In 1905, Morgenroth and Ehrlich found that haemolytic antibodies could be produced by immunizing animals with red blood cells from individuals of the same species. They coined the term 'horror autotoxicus' to illustrate the potential of the antibody response to destroy host tissue, and they suggested that mechanisms must be in place to prevent this in healthy individuals. The phenomenon of B cell tolerance to self-antigens was first demonstrated in the 1970s and 1980s using elegant functional assays to quantify the numbers and responses of rare antigen-reactive B cells that were tracked based on their ability to secrete specific antibodies (see Ref. 5 for a review of these early studies). However, these findings were met with considerable scepticism, in part because self-reactive B cells and antibodies could often be found in normal individuals11. In addition, when tolerance could be measured, it was difficult to distinguish between the loss of self-reactive cells or their functional inactivation or suppression.

Transgenic mouse technology developed some years later provided the means to more readily visualize and assess the fate of B cells in vivo12. Transgene-driven expression of immunoglobulin H chains or L chains suppresses endogenous immunoglobulin gene rearrangement and expression, so B cells with the antigen specificity encoded by the transgenes are produced in large numbers. In some models, B cells that were programmed by the transgenes to be autoreactive were functionally inactivated (rendered anergic) when they developed in the presence of autoantigen, but not in its absence4. As initially described4, anergic B cells had reduced expression of IgM on the cell surface, starting at the immature B cell stage. In other transgenic models, autoreactive B cells were eliminated from the secondary immune tissues of the spleen and lymph nodes, but were detectable in the bone marrow as immature B cells carrying low levels of surface receptor, which is consistent with the central clonal deletion of autoreactive cells occurring at the primary site of B cell generation13,14,15,16.

At the time these experiments were carried out (in the late 1980s and early 1990s), tolerance was presumed to be achieved either by a form of cell destruction or through functional inactivation5. Studies using transgenic mice expressing anti-DNA antibodies, which are associated with SLE, found that both deletion and anergy of autoreactive B cells could occur depending on the specificity or affinity of the BCR for self-antigen17,18. These findings led to the notion that the molecular presentation of the autoantigen determines the mode of tolerance, with multimeric or membrane-bound antigens promoting B cell deletion and monomeric soluble antigens leading to B cell anergy. These interpretations were strongly influenced by the success of the clonal selection hypothesis5, the central paradigm in the field, which posited that the immune system is controlled at the level of cells carrying distinct, clonally distributed antigen receptors. Notably, it was thought that cells could be regulated only through control of their growth, responsiveness, survival or death.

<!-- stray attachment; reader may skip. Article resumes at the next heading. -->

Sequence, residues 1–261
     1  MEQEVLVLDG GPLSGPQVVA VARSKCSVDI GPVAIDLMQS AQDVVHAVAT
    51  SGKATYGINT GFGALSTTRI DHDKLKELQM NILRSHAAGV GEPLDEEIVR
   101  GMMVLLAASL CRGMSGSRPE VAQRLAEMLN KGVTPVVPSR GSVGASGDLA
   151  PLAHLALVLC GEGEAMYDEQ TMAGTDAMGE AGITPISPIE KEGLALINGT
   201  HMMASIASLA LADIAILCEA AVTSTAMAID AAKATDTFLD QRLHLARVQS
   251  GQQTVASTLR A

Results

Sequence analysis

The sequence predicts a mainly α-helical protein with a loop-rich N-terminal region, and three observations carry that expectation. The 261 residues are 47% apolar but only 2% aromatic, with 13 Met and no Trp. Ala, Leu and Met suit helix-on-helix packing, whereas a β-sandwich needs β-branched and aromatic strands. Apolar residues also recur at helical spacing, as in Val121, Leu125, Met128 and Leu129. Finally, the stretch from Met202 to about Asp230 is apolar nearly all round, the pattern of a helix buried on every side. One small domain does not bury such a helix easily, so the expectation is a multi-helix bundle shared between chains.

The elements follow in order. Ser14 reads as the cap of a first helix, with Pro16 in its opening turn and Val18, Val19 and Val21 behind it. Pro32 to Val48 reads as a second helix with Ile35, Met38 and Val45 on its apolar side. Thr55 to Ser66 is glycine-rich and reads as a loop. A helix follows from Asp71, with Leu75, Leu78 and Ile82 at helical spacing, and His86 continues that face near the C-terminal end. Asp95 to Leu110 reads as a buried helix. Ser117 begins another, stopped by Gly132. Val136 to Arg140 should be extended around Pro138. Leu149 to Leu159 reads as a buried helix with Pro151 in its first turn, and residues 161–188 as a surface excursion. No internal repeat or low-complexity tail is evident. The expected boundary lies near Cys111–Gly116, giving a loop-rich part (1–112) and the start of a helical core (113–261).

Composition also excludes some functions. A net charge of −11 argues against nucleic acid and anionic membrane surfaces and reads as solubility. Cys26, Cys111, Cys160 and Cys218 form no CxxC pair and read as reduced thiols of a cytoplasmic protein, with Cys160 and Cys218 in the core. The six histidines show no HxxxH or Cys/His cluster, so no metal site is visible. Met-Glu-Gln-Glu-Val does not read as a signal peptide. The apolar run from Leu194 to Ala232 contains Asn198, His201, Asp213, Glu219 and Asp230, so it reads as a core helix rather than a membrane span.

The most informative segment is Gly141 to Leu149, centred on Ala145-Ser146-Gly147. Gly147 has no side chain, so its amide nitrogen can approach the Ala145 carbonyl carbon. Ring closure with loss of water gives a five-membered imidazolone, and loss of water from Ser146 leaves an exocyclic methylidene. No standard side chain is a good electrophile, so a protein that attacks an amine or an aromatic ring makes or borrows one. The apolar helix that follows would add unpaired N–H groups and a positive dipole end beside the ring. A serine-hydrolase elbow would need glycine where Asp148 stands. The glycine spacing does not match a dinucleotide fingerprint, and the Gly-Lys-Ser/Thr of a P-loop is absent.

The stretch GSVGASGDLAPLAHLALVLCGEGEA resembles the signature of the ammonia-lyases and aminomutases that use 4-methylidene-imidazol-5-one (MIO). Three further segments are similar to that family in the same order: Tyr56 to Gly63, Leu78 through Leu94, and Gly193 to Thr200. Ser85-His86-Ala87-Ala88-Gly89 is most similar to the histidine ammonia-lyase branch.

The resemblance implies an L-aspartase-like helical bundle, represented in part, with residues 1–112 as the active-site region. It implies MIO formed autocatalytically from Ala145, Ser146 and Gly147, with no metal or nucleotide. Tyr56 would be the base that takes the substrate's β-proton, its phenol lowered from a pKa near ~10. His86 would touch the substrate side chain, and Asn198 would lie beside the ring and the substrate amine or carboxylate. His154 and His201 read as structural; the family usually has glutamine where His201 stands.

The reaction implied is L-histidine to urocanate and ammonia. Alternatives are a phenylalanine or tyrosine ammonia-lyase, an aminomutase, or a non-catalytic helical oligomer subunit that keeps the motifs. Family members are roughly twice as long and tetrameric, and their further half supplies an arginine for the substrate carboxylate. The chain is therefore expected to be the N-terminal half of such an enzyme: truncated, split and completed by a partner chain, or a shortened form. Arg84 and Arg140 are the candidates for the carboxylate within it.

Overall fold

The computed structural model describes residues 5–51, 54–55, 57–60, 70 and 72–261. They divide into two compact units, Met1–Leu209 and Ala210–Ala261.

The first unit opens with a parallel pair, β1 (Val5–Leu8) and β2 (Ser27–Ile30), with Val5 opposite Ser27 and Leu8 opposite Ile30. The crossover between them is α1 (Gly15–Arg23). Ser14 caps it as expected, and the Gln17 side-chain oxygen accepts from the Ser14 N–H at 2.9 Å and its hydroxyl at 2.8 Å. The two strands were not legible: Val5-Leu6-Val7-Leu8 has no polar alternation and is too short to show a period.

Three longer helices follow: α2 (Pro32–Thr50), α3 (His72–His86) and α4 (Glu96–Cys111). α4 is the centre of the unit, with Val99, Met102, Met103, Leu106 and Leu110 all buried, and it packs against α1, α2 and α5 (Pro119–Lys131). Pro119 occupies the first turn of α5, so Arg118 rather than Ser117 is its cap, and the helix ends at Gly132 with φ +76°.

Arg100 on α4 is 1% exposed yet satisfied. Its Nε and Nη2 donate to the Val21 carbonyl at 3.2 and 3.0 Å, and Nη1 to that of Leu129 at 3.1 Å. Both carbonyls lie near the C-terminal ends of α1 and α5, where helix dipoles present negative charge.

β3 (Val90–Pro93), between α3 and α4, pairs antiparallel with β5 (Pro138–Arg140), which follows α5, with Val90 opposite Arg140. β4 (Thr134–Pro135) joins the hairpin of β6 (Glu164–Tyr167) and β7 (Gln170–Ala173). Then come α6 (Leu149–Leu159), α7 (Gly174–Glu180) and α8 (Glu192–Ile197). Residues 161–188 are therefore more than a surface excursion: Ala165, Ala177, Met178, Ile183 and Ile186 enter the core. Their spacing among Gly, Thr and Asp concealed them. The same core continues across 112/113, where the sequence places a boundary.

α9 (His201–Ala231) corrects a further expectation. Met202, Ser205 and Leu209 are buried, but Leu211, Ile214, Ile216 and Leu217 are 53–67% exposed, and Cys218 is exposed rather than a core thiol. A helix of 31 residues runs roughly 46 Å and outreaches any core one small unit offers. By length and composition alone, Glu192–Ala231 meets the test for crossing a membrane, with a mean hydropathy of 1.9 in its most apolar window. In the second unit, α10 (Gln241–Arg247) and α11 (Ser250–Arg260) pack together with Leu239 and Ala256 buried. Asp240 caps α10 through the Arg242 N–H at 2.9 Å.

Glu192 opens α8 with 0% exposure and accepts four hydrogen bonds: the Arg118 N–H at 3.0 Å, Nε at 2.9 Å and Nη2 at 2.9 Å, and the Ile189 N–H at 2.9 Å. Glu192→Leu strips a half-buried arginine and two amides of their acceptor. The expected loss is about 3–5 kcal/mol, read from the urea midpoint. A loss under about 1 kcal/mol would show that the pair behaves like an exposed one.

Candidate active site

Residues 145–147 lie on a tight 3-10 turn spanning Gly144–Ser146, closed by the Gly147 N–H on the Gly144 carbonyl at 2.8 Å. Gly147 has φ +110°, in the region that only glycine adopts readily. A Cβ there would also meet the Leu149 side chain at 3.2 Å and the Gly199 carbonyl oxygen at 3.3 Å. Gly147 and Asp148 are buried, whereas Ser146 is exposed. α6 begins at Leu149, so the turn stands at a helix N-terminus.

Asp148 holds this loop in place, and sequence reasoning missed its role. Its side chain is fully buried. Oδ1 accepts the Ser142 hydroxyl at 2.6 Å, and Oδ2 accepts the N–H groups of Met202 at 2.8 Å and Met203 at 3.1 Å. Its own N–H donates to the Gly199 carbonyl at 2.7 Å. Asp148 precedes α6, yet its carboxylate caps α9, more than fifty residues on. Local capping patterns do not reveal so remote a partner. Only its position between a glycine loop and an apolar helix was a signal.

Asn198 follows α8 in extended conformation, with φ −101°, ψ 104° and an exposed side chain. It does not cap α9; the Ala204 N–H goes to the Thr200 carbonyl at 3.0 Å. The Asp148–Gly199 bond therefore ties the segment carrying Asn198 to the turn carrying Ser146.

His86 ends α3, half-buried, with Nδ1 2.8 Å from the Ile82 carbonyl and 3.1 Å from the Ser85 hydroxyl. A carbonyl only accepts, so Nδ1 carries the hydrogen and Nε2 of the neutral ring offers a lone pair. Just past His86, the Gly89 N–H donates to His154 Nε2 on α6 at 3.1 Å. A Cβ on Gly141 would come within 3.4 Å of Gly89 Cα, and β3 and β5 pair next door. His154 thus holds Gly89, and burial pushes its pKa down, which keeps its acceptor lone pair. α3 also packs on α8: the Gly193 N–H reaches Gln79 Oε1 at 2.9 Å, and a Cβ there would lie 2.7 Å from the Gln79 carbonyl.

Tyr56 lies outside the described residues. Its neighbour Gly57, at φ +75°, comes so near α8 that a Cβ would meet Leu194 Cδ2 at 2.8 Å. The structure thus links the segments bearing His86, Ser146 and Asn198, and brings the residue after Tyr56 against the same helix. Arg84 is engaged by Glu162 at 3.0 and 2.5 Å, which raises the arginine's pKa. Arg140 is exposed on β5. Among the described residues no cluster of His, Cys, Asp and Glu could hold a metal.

This view changed radically over the ensuing years when it was found that central tolerance could occur by receptor editing, a process in which ongoing L-chain gene recombination (Fig. 1) alters B cell specificity and rescues autoreactive cells from deletion through the replacement of one immunoglobulin L chain by another19,20,21,22. Such genetic reprogramming uncouples the fate of the B cell from that of its receptor and is more properly referred to as receptor selection. Antibody genes encoded by conventional transgenes (which are randomly inserted into the genome) cannot be efficiently edited because antibody gene recombination must occur in cis no more than 2–3 million base pairs away from immunoglobulin gene segments carrying recombination signals. The development of transgenic mice in which the antibody L-chain transgenes are targeted to the physiological immunoglobulin locus revealed the efficiency of receptor editing23,24,25,26,27,28,29. The notion of anergy as a mechanism of B cell tolerance also changed when it was shown that anergic B cells in the peripheral lymphoid organs had a reduced lifespan when in competition with non-autoreactive B cells, such that over time the anergic cells were effectively deleted30,31.